Carol Alexander is a writer and editor. Her poems have appeared in numerous journals, including Canary, The Commonline, Chiron Review, Eunoia Review, Mobius, Northwind Magazine, Numinous, Red Fez, Red River Review, OVS, Poetry Quarterly, Red Poppy Review, and Sugar Mule. New work is scheduled to appear Poetrybay, Poetica, Ilya’s Honey, and the Mad Hatter’s Review. Her work has also appeared in the anthologies Broken Circles, Joy Interrupted, The Storm is Coming, and Surrounded: Living with Islands.
Kyle Bella currently resides in San Francisco, California, where is pursuing a Master’s Degree in Queer Studies from Goddard College. He has previously published freelance writing in Colorlines Magazine, TruthOut and Bilerico Project.
Katie Berta is a graduate of Arizona State’s MFA program where she studied poetry. She recently returned to her home state to pursue a PhD in Creative Writing at Ohio University. She has been published in 2 River View and Forklift Ohio, among others.
Lisa Lynn Biggar received her MFA in Fiction from Vermont College and is currently marketing her first novel. Her short fiction has appeared in The Dickinson Review and The Main Street Rag and is forthcoming in Little Patuxent Review. She currently teaches English at Chesapeake College and co-owns and operates a cut flower farm on the eastern shore of Maryland with her husband and four cats.
John F. Buckley has divided his life between California, where he spent most of his adulthood, and Michigan, where he was born and raised and where he now attends the University of Michigan in Ann Arbor, working toward an MFA in poetry. His collections Sky Sandwiches and Poet’s Guide to America (with Martin Ott) were released in Fall 2012, as was his second chapbook, Leading an Aquamarine Shoat by Its Tail.
Meg Cameron is a recent graduate of Chester College of New England. She has been published in Gigantic Sequins, The Scrambler, and So Good, and currently resides in Connecticut.
Cameron Contois is a native to Upper Michigan and is currently working on his MFA at Northern Michigan University. In his spare time, he enjoys watching really bad scary movies and is a huge fan of the pop star Ke$ha.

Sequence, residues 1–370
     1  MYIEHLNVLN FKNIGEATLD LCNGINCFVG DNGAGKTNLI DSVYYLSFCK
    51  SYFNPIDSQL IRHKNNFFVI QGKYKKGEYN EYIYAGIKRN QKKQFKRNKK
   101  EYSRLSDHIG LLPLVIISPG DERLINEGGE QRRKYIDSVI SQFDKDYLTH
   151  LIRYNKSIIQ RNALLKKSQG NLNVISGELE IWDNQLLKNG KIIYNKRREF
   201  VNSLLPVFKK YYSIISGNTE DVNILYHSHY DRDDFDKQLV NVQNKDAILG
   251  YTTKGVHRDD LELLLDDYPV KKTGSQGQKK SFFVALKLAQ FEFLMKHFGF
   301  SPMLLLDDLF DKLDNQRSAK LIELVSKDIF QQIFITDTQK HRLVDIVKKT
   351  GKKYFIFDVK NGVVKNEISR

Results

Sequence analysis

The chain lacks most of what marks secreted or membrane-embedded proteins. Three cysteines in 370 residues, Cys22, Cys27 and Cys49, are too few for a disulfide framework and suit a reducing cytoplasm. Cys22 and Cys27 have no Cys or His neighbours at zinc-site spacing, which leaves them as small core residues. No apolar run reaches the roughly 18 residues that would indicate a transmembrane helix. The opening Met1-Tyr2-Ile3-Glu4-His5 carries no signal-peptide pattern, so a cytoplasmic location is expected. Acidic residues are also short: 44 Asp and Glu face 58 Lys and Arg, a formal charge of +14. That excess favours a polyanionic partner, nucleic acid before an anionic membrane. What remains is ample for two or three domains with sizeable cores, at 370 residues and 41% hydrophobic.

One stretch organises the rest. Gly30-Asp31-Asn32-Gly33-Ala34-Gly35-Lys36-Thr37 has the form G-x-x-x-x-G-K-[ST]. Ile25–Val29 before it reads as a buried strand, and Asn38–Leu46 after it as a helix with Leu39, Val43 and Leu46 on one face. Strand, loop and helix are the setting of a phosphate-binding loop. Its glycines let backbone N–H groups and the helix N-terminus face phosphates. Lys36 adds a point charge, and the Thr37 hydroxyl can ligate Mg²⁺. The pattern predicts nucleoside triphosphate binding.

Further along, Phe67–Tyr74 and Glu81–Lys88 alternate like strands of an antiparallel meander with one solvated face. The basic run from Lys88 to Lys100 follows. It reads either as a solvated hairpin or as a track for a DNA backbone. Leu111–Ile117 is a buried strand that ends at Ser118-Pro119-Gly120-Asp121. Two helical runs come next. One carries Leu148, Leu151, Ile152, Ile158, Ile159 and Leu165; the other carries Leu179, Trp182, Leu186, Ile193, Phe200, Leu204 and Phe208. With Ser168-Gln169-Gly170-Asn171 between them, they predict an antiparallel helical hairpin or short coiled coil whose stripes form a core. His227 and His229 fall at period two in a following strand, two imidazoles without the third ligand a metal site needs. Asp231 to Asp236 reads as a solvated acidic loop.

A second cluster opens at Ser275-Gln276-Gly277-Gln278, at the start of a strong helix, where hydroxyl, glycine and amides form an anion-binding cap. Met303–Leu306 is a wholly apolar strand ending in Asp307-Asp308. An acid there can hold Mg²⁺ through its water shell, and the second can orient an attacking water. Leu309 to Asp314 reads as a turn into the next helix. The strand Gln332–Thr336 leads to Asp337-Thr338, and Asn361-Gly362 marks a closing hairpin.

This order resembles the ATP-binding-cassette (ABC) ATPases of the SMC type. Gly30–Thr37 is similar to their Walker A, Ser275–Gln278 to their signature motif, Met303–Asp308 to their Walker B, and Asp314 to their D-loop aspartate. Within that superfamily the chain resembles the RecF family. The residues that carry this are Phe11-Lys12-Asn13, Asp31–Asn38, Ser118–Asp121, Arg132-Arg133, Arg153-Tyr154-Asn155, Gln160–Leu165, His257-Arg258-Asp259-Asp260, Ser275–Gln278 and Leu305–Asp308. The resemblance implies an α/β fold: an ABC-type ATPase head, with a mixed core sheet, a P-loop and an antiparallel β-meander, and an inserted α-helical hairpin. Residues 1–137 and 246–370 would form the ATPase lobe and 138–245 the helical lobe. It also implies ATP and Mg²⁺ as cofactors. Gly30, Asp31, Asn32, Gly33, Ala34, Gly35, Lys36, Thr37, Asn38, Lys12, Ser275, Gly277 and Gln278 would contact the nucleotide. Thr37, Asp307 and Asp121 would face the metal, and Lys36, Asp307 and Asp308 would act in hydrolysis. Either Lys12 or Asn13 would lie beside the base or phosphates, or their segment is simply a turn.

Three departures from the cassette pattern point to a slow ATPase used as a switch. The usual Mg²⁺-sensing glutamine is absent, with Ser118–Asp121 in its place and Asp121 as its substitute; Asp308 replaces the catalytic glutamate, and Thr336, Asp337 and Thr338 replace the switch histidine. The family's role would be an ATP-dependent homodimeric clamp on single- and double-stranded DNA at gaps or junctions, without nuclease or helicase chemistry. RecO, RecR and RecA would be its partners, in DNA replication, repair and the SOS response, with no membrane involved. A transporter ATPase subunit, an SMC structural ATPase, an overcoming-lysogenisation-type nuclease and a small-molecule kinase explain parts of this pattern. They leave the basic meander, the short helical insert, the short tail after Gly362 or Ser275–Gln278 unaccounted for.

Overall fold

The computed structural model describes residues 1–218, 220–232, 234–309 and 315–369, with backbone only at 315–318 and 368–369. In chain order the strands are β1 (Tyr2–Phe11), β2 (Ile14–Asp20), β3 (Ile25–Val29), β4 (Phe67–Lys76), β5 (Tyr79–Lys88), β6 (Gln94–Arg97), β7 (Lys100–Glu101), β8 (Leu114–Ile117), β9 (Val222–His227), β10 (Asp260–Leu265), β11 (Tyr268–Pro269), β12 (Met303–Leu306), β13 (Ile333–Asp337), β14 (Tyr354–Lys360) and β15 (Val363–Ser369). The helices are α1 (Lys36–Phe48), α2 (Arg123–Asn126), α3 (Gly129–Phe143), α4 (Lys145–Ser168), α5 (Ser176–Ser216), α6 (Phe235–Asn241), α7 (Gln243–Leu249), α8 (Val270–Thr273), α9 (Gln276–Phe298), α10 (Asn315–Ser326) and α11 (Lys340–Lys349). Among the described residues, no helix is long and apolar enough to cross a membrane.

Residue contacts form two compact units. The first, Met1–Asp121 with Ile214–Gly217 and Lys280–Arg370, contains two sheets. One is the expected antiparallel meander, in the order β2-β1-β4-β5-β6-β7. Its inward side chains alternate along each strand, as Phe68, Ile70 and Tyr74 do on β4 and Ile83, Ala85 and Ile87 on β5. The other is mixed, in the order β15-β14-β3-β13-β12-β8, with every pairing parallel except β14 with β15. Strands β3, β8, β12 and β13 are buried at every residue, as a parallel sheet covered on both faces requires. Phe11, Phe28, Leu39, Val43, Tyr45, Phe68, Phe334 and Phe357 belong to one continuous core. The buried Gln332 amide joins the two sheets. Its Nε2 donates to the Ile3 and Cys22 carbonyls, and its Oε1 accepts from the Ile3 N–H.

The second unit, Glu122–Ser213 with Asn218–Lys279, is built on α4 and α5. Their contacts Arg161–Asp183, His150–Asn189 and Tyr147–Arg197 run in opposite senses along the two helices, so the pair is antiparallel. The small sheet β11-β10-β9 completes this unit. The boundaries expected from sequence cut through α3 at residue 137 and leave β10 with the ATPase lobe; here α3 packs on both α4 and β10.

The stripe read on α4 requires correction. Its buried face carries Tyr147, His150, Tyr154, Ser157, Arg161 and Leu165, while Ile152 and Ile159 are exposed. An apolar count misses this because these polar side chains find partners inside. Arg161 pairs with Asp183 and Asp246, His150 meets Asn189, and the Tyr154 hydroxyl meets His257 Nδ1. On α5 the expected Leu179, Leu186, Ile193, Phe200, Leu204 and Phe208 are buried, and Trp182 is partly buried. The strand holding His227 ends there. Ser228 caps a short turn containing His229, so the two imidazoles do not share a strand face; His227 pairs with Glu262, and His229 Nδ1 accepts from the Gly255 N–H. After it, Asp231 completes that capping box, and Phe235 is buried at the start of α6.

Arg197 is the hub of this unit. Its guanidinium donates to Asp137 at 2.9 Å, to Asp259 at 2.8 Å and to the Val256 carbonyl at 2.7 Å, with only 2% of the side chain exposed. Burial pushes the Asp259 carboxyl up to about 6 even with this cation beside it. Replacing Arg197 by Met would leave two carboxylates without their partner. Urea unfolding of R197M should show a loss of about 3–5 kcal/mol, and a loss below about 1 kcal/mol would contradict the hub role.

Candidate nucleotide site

Michael Fisher lives in Worcester, MA. His chapbook The Wolf Spider can be purchased through Plan B Press.. The audio recording of “Villain” was produced courtesy of Lo-Z records (http://lo-zrecords.com).
Esta Fischer’s short fiction has been published in numerous print and e-zines including Colere, The Broome Review, The Four-Cornered Universe and The Write Room.
Lindsay Hobbs is a recent graduate of the University of Arkansas at Fort Smith with a degree in Piano Performance. Her poems have appeared or are forthcoming in Compass Rose, A Clean, Well-Lighted Place, Applause, and Inwood Indiana. She lives in Fort Smith where she teaches piano and writes poetry.
Lyn Lifshin has published over 130 books including 3 from Black Sparrow. Recent books: Barbaro: Beyond Brokenness and The Licorice Daughter: My Year with Ruffian. Recent books: Ballroom, All the Poets (Mostly) Who Have Touched me, Living and Dead. All True, Especially the Lies. Just out, Knife Edge & Absinthe: The Tango Poems. NYQ books will publish A Girl Goes into The Woods. Also just out For the Roses poems after Joni Mitchell. Her web site: www.lynlifshin.com.
Don Maurer has written for scientific journals. Based on an ongoing court battle in Italy, his essay, “Enemy of the People: The L’Aquila Seven,” asks whether scientists should be held liable for predictions of natural disasters.
Sarah Hulyk Maxwell is hoping to graduate in May from Louisiana State University with a shiny MFA degree in poetry. Her work can also be found in Ruminate, connotationpress.com: an online artifact, and OR: A Literary Tabloid.
Nancy Carol Moody spent many years with the postal service, resisting the urge to read the backs of postcards. Now she lives at her desk, moving things around in search of other things. She loves scissors and the smell of tire stores and is only mildly amused when strangers want to touch her hair. She is the author of Photograph With Girls (Traprock Books), and her work has appeared or is forthcoming in The Los Angeles Review, The New York Quarterly, PANK, Salamander, and The Journal. Nancy can be found online at www.nancycarolmoody.com.